Rethinking Refugee communities at Humanitarian Innovation Conference, Oxford University

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Last week Don Weinreich and Eliza Montgomery, along with Monica Noro (UNHCR) and Aparna Surendra (Stanford FSI) participated in the Humanitarian Innovation Conference at Oxford University. Moderated by Mariano-Florentino Cuellar (Director of Stanford FSI), Don and Eliza presented the current status of Ennead Lab’s Rethinking Refugee Communities project along with ideas for its future development.

Click here for full conference program and documentation.

Rethinking Refugee Communities is Awarded 2015 AIA Honor Award

EnneadLab’s Rethinking Refugee’s Communities has been awarded an HONOR AWARD in the 2015 ‘Projects’ Category. Read more about AIANY 2015 Award Winners here.


Rethinking Refugee Communities Team Leads Workshop at Stanford

Workshop Stanford

On April 11th, Don Weinreich and Eliza Montgomery took part in the 2015 SAID Conference on Forced Migration at Stanford University. As part of the ongoing EnneadLab-UNHCR Rethinking Refugee Communities project, they led an interactive workshop where participants invented and drew their own ideas of connective infrastructure and new settlement planning strategies. The results were unique and thoughtful and spurred a vibrant discussion about alternative ideas following the exercise. The next step is to expand this workshop to apply to a more complex real life scenario while still preserving the potential to input unconventional settlement ideas. The goal is to help modify the planning process in order to foster more self sustaining and dignified opportunities for both displaced refugees as well as the host communities.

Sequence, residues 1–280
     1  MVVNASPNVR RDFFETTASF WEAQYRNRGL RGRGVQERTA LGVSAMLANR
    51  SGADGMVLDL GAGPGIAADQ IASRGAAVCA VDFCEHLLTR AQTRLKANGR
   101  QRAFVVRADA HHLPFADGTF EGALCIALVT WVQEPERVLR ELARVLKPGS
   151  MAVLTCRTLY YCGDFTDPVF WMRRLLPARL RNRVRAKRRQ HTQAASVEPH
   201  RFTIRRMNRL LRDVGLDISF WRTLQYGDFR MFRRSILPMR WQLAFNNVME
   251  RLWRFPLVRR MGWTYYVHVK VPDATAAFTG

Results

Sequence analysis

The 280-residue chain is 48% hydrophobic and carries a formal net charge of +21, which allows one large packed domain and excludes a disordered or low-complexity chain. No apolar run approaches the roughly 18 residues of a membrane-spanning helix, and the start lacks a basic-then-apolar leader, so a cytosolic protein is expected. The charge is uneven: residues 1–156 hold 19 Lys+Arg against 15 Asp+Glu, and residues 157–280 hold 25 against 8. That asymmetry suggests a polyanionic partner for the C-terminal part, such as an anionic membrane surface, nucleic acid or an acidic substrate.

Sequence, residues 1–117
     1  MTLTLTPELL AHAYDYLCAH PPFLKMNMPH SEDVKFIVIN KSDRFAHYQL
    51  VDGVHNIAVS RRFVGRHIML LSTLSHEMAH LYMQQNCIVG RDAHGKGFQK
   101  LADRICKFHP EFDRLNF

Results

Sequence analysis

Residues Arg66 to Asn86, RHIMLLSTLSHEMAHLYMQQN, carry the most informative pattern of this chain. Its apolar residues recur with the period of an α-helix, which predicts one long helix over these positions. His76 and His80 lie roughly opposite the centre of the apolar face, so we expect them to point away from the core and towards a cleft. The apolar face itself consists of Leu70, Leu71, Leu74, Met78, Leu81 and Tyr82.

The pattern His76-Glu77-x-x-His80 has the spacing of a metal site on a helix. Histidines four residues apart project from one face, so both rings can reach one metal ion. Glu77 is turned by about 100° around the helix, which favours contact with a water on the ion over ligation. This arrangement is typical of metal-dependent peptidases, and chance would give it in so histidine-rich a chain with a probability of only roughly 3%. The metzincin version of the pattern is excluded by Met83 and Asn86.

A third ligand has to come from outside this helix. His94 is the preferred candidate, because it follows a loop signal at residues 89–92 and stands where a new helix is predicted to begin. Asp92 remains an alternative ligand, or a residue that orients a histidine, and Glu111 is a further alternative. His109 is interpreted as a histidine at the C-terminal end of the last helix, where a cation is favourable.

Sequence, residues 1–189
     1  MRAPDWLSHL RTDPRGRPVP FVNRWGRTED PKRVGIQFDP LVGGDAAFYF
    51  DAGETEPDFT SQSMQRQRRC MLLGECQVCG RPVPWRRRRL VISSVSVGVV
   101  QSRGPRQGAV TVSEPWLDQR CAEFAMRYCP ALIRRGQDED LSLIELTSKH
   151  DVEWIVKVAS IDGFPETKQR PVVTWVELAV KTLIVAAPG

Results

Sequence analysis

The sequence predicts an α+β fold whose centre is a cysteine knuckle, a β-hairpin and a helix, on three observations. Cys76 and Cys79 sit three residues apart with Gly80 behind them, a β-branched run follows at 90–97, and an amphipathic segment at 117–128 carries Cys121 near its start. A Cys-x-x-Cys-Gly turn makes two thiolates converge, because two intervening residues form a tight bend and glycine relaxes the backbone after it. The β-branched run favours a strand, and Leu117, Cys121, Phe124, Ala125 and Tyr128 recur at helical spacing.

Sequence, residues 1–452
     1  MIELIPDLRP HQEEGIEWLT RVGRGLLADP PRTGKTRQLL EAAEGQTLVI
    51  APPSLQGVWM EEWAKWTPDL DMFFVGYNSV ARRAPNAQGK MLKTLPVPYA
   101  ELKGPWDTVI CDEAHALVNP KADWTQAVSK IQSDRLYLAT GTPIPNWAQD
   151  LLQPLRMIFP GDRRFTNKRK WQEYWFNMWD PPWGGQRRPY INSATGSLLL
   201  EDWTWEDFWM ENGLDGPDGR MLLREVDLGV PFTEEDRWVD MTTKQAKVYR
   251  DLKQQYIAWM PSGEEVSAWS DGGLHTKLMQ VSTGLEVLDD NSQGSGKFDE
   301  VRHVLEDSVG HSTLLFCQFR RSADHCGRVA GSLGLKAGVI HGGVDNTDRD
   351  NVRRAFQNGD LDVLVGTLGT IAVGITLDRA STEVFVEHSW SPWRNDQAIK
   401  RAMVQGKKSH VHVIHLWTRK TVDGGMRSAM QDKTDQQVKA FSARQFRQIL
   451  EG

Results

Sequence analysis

Ennead Lab's "Re-Thinking Refugee Communities" Featured in Interior Design

Ennead Lab’s “Re-thinking Refugee Communities” project, led by Don Weinreich and Eliza Montgomery, was featured in the May 2015 issue of Interior Design magazine:

“When political upheaval or a natural disaster strikes, expediency can often trump good design for the long-term.  And a jaw-dropping 17 years, the United Nations estimates, is the average time that the 11 million refugees worldwide spend in asylum.  Their “temporary” camps, hastily constructed on a standardized military grid, turn into permanent fixtures while lacking connection to place, among other crucial elements.  Which is why Ennead Architects partner Don Weinreich, collaborating with professors and students from Stanford University, led a pro bono team in the development off a proposal for the U.N. High Commissioner for Refugees.  Rethinking Refugee Communities harnesses CAD and 3-D modeling to map a given location’s physical and social dynamics, which can then be translated into a tool kit for building communities that better serve refugees as well as the surrounding population.  The hope is that a symbiotic relationship will improve health, security, and economic opportunity for all.” – Matthew Powell

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Cities for Tomorrow

Don Weinreich, partner at Ennead Architects and the leader of Ennead Lab’s “Re-thinking Refugee Communities” project, will be speaking at the New York Times’ Cities for Tomorrow conference, July 20-21, 2015.  For more information, please visit the conference website.